The House passed the measure 123-to-10. One reason for the lopsided vote is that a wide group of special interests had signed off on the bill earlier this month. Utility company officials, environmentalists, the governor and groups representing business all agreed to the compromise. And that pleased Republican Rep. Ron Erhardt of Edina. The self-described moderate said he knew it was a good deal when no one walked away from the measure entirely happy with the outcome.
"Nobody got what they wanted completely," he said. "Everyone compromised and we met in the middle so it must be a good bill. Let's vote green and go home knowing something good happened tonight."
Erhardt was urging a green vote to support the bill, but he also offered the perfect metaphor for the environmentalists who have been pushing a renewable energy standard for years. The proposal would require most utilities to get at least 25 percent of their energy from renewable sources by 2025. The state's largest utility, Xcel Energy, would have to hit a higher standard of 30 percent by 2020.
Supporters, like DFL Rep. Kate Knuth of New Brighton, say the standard means a greater dependence on homegrown electricity and a renewed focus on clean power like wind and solar.
"What we're voting on tonight bases our energy system on a new kind of geography," she said during the floor debate. "Of southwestern Minnesota and the wind, and the farms all over the state and the ingenuity of individuals where we won't be talking about the Rockefellers or the Standard Oils or Exxon."
Some estimates say about 8 percent of the state's power already come from renewable sources. The bill would require utility companies to ramp up that number between now and 2025. In all, the standard is expected to rely on 6,000 megawatts of renewable power. That's the equivalent of about 3,000 more wind turbines in the state.
Utility companies that fail to meet the standard can buy credits from other companies, be required to build facilities or face fines from the Public Utilities Commission. The PUC can also alter or delay the requirement if there is a significant cost to ratepayers.
Several critics of the measure say the requirement will increase rates. Republican Rep. Mark Buesgens of Jordan said the private market, not the Legislature, should be making decisions on energy policy.
"If the renewable energy standard is so good for our environment, so good for our economy, is so good for the people of the state of Minnesota then the people of the state of Minnesota are smart enough to figure it out. They can figure it out on their own not the body up here," he said.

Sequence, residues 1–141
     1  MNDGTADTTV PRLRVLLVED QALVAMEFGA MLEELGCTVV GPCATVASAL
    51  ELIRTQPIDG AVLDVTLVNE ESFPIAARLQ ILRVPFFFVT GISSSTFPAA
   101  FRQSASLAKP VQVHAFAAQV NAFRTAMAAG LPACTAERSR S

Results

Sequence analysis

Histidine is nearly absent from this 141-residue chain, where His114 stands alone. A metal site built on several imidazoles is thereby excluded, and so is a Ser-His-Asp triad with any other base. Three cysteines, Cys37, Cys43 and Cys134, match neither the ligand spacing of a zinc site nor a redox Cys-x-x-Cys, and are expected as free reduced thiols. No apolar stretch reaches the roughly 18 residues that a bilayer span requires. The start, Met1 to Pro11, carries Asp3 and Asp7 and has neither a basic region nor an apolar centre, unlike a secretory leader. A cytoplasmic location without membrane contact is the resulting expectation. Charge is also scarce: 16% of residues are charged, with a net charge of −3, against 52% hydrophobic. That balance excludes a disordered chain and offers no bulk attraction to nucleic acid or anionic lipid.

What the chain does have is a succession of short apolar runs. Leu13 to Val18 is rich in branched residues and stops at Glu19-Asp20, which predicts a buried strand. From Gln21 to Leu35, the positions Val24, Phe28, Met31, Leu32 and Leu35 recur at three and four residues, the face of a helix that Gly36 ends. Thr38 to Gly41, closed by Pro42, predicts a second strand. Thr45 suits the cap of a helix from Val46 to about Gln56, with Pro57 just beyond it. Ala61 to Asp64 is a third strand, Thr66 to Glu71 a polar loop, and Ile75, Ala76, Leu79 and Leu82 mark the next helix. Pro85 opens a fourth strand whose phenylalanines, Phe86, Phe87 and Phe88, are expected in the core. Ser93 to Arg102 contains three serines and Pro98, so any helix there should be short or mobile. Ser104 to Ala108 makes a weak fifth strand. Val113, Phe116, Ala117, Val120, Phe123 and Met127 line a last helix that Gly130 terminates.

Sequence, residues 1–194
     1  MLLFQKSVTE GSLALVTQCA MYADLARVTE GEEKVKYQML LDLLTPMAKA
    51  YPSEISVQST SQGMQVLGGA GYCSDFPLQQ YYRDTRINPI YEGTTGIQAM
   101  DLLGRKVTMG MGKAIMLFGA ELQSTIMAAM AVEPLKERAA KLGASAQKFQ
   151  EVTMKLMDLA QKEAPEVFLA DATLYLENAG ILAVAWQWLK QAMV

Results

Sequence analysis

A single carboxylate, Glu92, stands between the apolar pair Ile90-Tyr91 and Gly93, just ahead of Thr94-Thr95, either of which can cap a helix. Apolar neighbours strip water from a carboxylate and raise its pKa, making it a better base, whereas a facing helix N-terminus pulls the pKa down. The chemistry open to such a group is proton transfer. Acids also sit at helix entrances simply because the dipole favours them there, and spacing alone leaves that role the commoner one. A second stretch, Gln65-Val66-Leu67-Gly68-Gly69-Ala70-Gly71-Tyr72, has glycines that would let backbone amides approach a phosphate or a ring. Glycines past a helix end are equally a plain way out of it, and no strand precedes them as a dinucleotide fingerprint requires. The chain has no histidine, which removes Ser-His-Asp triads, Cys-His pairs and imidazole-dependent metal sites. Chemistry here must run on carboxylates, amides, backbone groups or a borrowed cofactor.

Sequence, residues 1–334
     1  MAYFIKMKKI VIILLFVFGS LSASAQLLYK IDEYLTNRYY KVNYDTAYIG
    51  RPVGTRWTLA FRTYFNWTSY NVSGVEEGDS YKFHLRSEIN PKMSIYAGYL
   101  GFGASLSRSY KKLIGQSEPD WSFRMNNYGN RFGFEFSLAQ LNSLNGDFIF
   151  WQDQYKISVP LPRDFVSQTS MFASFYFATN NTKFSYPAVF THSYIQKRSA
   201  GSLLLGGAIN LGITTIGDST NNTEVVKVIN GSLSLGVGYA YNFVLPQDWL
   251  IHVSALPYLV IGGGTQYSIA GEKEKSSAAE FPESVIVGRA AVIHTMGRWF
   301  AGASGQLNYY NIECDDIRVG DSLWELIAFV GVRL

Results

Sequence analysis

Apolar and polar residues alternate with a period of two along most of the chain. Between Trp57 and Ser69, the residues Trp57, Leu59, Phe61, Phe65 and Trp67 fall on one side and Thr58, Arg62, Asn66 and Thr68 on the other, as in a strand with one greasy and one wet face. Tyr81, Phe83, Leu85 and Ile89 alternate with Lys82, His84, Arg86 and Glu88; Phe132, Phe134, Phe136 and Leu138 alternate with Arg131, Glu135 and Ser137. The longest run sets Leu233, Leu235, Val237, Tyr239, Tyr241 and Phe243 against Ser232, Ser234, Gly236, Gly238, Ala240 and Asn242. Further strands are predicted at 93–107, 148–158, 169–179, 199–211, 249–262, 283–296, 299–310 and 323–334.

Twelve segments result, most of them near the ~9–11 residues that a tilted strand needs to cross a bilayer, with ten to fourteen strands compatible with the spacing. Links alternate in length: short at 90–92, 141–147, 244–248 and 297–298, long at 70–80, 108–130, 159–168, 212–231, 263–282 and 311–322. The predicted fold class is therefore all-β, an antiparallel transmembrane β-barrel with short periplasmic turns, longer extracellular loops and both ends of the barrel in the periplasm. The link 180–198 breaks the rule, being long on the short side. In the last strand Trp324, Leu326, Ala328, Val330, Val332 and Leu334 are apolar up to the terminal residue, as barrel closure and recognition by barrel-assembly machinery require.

A large portion of the debate also focused on what wasn't in the bill. Several supporters wanted requirements that a certain percentage of the energy come from Minnesota. Another measure would have repealed a state law that forbids state regulators from considering proposals for another nuclear power plant.
Rep. Joyce Peppin, R-Rogers, says she doesn't think Minnesota should be the only state in the nation that forbids the construction of new nuclear power plants.
"I think this is a vital discussion," she said. "Nuclear power is one of the most efficient, safest, non carbon dioxide releasing things that we have to look at. I think it is absolutely an important amendment that should be attached to this bill."
All of the amendments were defeated. Since the Senate has already passed the bill, it now goes to Gov. Pawlenty who says he'll sign it. It could be the first of several energy initiatives considered this session.
DFL Rep. Aaron Peterson was the chief author of the renewable energy bill. He said his bill and the others to come means this session could be remembered as an "energy session."
"I think we are on the verge of entering into what I'm hoping is a year for renewable energy in the state of Minnesota," he said.
Peterson says some of the other proposals include efforts to increase conservation and want to reduce carbon emissions that are believed to cause global warming.
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